# All About Alcohol by Volume (ABV)

## Learn How Alcohol Content is Measured in Beer

Alcohol by volume, or ABV, is used to measure the alcohol content of beer, wine, distilled spirits, and other alcoholic beverages. Beers typically fall in the 3.0-13.0% ABV range, though some can be weaker or stronger than this.

### What is the Average ABV of Alcohol?

Every alcoholic beverage is required to have the alcohol by volume on its label. Typically abbreviated ABV and given as a percentage, this measurement will tell you how much alcohol is in the drink.

Each style of alcohol has a certain ABV range though some products can fall outside these averages:

• Beer: 3-13% ABV
• Wine: 8-14% ABV
• Liquor: 15-50% ABV

It's important to note that 'proof' is only used with distilled spirits in the U.S. It is calculated by doubling a liquor's ABV.

### ABV and Beer

The ABV will tell you how many ounces of actual alcohol are in the beverage. For example, if a 12-ounce bottle of beer is 5.0% alcohol, that means that 0.6 ounces of pure alcohol are in that beer.

The equation looks like this: 12 x 0.05 = 0.6

Most beer will fall in that 3-13% ABV range. There are low-alcohol beers such as O'Doul's that have 0.5% ABV (sorry, it's not truly non-alcoholic) and others like the Kvass style that range from 0.5-2.5% ABV. Likewise, there are beers like the Eisbock style with a range of 9.0-15.0% ABV.

• The majority of beers fall in the 4.0-7.0% range.
• You will also notice that beer almost always adds tenths after the decimal point, even if it's an even 4%. For example, 4.0% ABV rather than 4% ABV.

### What is 'High-Point' Beer?

'High-point beer' is another term that you will hear often. It typically refers to any beer that is over 4.0% ABV. However, there is no technical definition and one person's 'high-point' may be different than another's definition.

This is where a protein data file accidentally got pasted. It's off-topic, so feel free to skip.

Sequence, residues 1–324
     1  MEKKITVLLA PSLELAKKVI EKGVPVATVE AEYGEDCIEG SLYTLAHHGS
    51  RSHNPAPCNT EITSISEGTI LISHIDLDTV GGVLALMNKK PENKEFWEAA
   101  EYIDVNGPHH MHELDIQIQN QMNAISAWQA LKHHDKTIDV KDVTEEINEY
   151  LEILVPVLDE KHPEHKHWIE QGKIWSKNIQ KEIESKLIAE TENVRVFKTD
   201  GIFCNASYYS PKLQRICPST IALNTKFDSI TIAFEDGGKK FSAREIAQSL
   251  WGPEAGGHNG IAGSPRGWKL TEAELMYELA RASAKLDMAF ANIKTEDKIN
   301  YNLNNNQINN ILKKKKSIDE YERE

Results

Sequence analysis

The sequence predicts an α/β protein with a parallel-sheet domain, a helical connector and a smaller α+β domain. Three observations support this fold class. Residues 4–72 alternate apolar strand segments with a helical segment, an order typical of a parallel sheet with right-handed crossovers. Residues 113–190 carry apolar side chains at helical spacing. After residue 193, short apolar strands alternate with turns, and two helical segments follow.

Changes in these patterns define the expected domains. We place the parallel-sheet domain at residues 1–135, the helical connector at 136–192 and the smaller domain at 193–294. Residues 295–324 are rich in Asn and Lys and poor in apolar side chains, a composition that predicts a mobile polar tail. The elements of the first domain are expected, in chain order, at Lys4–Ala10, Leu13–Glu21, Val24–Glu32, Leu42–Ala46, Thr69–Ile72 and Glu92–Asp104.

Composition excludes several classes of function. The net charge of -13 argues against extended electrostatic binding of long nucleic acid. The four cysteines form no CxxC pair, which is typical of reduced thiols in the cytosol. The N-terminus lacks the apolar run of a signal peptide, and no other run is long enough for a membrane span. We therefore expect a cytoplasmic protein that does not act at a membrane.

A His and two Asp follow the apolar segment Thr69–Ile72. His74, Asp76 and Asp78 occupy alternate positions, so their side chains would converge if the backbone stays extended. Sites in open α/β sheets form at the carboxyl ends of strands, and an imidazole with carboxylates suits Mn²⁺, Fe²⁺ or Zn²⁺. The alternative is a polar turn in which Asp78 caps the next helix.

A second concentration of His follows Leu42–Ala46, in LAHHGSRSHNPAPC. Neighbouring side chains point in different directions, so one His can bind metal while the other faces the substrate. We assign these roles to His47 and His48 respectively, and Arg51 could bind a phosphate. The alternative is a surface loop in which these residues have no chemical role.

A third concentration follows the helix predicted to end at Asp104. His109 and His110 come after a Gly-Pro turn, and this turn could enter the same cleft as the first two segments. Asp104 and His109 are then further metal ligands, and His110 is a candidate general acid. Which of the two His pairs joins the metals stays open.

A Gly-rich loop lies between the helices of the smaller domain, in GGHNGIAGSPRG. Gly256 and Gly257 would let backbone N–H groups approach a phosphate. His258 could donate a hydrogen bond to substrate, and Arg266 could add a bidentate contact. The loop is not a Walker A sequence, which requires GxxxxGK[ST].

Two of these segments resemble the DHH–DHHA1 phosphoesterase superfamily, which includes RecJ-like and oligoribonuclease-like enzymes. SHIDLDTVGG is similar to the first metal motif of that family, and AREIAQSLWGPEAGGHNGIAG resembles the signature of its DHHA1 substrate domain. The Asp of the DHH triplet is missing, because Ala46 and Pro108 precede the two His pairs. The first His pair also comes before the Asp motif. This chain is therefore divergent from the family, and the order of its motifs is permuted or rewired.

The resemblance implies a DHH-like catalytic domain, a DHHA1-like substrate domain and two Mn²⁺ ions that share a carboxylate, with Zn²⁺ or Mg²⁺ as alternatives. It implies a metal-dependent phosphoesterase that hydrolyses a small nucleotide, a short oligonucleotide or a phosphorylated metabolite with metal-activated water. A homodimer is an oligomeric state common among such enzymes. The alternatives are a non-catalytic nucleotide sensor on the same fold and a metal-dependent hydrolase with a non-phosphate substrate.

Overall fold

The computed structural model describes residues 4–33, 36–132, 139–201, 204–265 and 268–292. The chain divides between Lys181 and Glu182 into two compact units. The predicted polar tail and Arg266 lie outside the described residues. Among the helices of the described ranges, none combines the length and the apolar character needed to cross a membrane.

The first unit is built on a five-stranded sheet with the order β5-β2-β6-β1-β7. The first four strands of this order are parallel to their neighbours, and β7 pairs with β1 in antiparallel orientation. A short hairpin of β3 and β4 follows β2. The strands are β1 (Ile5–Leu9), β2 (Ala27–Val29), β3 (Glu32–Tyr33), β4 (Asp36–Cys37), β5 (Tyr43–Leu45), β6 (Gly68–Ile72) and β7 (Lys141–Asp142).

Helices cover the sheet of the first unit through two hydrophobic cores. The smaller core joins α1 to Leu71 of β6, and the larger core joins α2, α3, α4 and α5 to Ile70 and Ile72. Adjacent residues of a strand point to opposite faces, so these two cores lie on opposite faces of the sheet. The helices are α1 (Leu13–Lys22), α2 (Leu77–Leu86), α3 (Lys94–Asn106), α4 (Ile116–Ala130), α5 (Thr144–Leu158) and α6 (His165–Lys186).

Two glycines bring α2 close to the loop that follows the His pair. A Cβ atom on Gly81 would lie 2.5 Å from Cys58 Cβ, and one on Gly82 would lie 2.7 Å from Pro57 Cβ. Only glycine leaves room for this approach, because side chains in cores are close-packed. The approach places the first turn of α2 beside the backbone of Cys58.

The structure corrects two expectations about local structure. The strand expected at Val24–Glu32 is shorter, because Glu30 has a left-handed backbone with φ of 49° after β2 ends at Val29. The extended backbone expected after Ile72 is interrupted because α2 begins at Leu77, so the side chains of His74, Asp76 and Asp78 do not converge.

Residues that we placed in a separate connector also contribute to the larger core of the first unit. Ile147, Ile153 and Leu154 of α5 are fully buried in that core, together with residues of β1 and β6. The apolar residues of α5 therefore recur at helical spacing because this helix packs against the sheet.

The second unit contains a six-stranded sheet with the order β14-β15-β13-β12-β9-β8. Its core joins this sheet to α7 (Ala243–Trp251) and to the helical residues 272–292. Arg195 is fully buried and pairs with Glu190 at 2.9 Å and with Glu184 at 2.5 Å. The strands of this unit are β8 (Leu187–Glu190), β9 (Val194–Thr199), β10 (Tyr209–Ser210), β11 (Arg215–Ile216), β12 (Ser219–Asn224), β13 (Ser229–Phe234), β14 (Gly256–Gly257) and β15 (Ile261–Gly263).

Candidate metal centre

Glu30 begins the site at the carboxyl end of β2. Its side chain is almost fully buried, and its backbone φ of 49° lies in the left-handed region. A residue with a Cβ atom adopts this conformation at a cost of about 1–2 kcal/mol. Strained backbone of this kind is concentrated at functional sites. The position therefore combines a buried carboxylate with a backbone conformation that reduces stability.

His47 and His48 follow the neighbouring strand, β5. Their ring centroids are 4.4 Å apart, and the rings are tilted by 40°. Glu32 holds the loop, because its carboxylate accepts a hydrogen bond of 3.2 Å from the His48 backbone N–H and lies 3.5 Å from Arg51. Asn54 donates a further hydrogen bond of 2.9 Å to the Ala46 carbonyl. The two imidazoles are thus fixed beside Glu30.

The term 'high-point' is often used when discussing beer laws.

A few states only allow 3.2% beer to be sold in grocery stores and leave the stronger stuff for liquor store sales. In this context, anything over that is considered 'high-point.'

### ABV vs. ABW

The majority of the world measures alcohol content by volume. In very rare instances (such as historically in Utah), the government may measure alcohol by weight (ABW). Why is this? The reason is unclear and it simply makes things complicated and confusing.

Nonetheless, if you see an alcohol percentage on a beer label but it does not specify whether it is ABV or ABW, it is safe to assume that it is ABV.

ABV can be converted to ABW by dividing by 0.795. That means that the 3.2% ABW beer you buy in Utah is actually 4.0% ABV.

The equation looks like this: .032 x .795 = .0402

### The ABV of Your Homebrew

If you didn't think that math and beer were related, then you obviously have not brewed your own beer. Brewing is a science and homebrewers quickly learn the importance of careful calculations in the process. One of those is used to figure out the alcohol content of their beers.

In order to figure out the ABV of your beer, subtract the final gravity from the original gravity then divide by 0.0075.

For example:

• 1.050 - 1.012 = .038
• 0.038 / 0.0075 = 5.07% ABV